Is Islam capable of introducing its own version of reform without the need for outside interference? What are the conditions that must be made available prior to the implementation of reforms?
Aljazeera.net put these and other questions to renowned Muslim scholar Shaikh Yusuf al-Qaradawi, the head of the European Council on Fatwa and Research.
Qaradawi was born in Egypt and studied at the famous al-Azhar theological seminary in Cairo.
Also a poet and intellectual, his best known books include The Lawful and the Prohibited in Islam, The Tyrant and the Scholar, and Laws of the Obligatory Charity.
He is currently the dean of the sharia (Islamic law) college at Qatar University and appears regularly on Aljazeera television, in the highly influential debate and phone-in show, The Sharia and Life.
Aljazeera: How is reform defined in Islam?
Al-Qaradawi: Reform is turning the thing that is corrupt into something upright. It touches every aspect of society.
A person can be reformed, so can a society and even a whole nation. This is why as Muslims we welcome reforms.
“Muslims are urged to embrace reforms and to discard what is vice”
Muslims are urged to embrace reforms and to discard what is vice. In the Holy Quran, there are many narrations of God punishing nations that brought harm and vice to the world.
Aljazeera: So reform is prescribed as an antidote to corruption. Can you elaborate on this?
Al-Qaradawi: There are various kinds of corruptions which stand opposite to reform.
First there is political corruption, the deceiving of the masses to serve authority; an example would be a journalist who uses his pen to tout for a leader, or an occupier who invades a country and revamps its political structure to serve his interest.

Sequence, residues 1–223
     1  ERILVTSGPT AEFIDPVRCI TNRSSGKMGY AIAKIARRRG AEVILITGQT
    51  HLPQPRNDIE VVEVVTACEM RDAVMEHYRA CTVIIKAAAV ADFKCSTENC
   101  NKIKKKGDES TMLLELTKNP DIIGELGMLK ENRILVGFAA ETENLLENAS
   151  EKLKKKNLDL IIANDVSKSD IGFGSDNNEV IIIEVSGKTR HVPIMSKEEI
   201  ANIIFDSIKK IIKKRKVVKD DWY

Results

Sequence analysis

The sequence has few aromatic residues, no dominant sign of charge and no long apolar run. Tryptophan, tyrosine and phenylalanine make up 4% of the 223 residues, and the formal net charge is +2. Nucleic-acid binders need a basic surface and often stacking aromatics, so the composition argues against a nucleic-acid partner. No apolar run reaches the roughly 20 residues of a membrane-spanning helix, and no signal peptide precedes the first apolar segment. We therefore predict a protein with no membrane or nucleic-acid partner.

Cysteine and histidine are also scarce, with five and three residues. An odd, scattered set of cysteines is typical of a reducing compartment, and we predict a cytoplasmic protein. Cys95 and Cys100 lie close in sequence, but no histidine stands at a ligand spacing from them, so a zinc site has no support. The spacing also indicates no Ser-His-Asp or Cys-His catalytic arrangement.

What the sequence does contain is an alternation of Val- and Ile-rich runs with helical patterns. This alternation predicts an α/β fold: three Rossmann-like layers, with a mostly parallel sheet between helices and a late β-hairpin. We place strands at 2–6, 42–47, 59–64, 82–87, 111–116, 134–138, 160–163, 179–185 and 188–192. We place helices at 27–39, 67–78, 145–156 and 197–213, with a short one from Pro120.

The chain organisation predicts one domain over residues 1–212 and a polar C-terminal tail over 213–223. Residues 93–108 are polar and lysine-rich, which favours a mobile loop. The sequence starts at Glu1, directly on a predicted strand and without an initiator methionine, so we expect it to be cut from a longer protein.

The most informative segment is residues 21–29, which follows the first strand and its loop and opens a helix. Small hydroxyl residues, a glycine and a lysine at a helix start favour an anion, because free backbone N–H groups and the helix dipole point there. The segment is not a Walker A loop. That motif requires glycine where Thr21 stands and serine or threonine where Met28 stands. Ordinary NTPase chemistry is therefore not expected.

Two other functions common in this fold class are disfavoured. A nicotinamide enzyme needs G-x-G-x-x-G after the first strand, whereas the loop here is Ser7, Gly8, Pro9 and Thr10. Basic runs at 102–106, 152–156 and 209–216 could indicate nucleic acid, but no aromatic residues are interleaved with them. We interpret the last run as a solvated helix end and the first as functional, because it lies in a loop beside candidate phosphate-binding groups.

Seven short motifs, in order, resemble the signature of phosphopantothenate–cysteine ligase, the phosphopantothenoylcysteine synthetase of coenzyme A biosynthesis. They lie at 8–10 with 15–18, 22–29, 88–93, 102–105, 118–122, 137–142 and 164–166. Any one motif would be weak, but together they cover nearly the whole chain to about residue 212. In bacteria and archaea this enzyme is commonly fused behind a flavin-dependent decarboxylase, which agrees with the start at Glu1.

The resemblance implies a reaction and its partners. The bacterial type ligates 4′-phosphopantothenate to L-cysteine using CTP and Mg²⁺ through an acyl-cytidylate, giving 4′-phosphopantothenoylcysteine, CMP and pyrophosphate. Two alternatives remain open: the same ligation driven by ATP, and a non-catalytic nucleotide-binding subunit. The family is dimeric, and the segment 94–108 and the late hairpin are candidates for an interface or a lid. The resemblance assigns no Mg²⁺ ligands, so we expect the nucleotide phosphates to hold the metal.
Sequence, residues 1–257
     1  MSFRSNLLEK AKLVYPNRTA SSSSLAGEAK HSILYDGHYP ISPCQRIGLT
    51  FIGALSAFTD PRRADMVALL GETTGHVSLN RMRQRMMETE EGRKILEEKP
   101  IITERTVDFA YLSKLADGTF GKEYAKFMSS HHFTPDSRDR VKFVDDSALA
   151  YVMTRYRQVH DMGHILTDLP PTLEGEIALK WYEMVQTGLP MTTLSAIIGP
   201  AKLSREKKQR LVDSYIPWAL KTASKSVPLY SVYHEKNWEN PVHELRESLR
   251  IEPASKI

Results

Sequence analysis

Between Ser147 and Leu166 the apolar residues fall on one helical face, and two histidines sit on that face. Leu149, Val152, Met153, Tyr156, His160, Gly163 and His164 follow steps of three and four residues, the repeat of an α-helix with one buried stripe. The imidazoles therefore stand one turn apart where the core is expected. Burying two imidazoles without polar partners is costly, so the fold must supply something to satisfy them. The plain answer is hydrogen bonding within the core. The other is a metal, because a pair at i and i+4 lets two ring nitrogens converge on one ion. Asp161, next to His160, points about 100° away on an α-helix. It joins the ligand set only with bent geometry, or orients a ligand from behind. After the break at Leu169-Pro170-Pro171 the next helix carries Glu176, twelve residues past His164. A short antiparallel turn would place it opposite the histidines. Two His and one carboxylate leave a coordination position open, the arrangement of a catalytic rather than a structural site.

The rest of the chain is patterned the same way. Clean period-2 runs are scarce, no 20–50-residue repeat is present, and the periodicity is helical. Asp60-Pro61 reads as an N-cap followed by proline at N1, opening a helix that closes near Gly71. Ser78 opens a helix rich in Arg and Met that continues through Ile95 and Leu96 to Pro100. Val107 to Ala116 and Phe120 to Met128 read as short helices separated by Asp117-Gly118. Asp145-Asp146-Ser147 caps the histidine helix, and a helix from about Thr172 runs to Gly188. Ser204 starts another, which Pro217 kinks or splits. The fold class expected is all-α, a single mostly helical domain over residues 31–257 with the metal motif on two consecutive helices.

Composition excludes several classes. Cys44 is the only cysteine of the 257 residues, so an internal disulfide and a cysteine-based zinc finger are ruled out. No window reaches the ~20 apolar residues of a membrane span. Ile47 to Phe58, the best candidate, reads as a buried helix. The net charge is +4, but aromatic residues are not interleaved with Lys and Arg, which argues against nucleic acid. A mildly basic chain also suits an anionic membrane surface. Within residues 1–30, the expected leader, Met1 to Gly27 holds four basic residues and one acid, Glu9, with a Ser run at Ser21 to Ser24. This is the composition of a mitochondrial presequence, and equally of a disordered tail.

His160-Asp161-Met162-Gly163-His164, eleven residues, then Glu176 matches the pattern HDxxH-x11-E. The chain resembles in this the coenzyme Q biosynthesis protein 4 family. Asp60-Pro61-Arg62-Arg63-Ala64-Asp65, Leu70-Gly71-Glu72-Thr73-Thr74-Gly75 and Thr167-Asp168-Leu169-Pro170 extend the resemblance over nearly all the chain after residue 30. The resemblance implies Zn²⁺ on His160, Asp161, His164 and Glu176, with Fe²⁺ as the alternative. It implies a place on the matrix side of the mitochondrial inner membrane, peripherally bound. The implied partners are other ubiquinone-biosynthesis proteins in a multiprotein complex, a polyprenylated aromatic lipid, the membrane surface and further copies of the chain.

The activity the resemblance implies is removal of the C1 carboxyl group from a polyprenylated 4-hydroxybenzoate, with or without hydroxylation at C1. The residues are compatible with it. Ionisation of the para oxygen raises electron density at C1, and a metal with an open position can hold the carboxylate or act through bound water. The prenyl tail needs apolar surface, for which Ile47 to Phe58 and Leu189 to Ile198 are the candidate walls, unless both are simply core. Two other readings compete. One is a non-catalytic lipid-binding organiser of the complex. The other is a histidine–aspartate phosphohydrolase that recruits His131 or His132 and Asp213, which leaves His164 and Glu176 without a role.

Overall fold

The Quran addresses the issue
You also have economic corruption, a subject that the Quran has addressed as well. Those who misuse public funds for their own purposes while their people are undergoing extreme poverty are an illustration of this.
Moral corruption is another problem that must be confronted and reformed. It can extend to engulf an entire society turning it into a nepotistic, nihilist and morally loose one.
There are also other forms of corruption that would include environmental corruption, the destruction of the beautiful Earth that God has created, and so on.
Aljazeera: So, according to Islam, what is the individual Muslim’s duty to combat corruption?
Qaradawi: We Muslims loathe corruption. We are urged to fight vice. This is why we should be the first to embrace reform, starting with ourselves.
We cannot possibly envisage a brighter future if we do not shake off the constraints of corruption that are damaging our societies.
Aljazeera: Is there any reform mechanism that you envision?
Qaradawi: We must be clear on this; there is a crippling feeling of disunity and paralysis that overwhelms Muslim nations.
However, it should be made equally clear that a nation is responsible for reforming itself rather than having others reform it.
“There is a crippling feeling of disunity
If a nation reforms itself, it will do so while keeping its own interests in mind. That is to say, an outsider is only interested in reforms that would further his own agenda.
Aljazeera: The US government has been unyielding in its insistence on implementing reforms in what it now calls the Greater Middle East Initiative. What is your view on this?
Qaradawi: First, any genuine reform should reflect the conscience of a nation, but the nation has to have a conscience to begin with.
We must ask questions, who we are? What is the mission of our civilisation? Are we intruders in this world? Do we have a message, history and value?
If we can only realise the great responsibility that has been entrusted in us and what it takes to fulfil these responsibilities, then we will become very adamant in reforming our nations. But our medicine can only be found in our pharmacy, as prescribed by our own doctors and this, I believe, is the key.
Qaradawi: ‘US-envisaged reform
The US government wants us to reform ourselves. There is no doubt, however, that an US-envisaged reform will only serve US championed interests.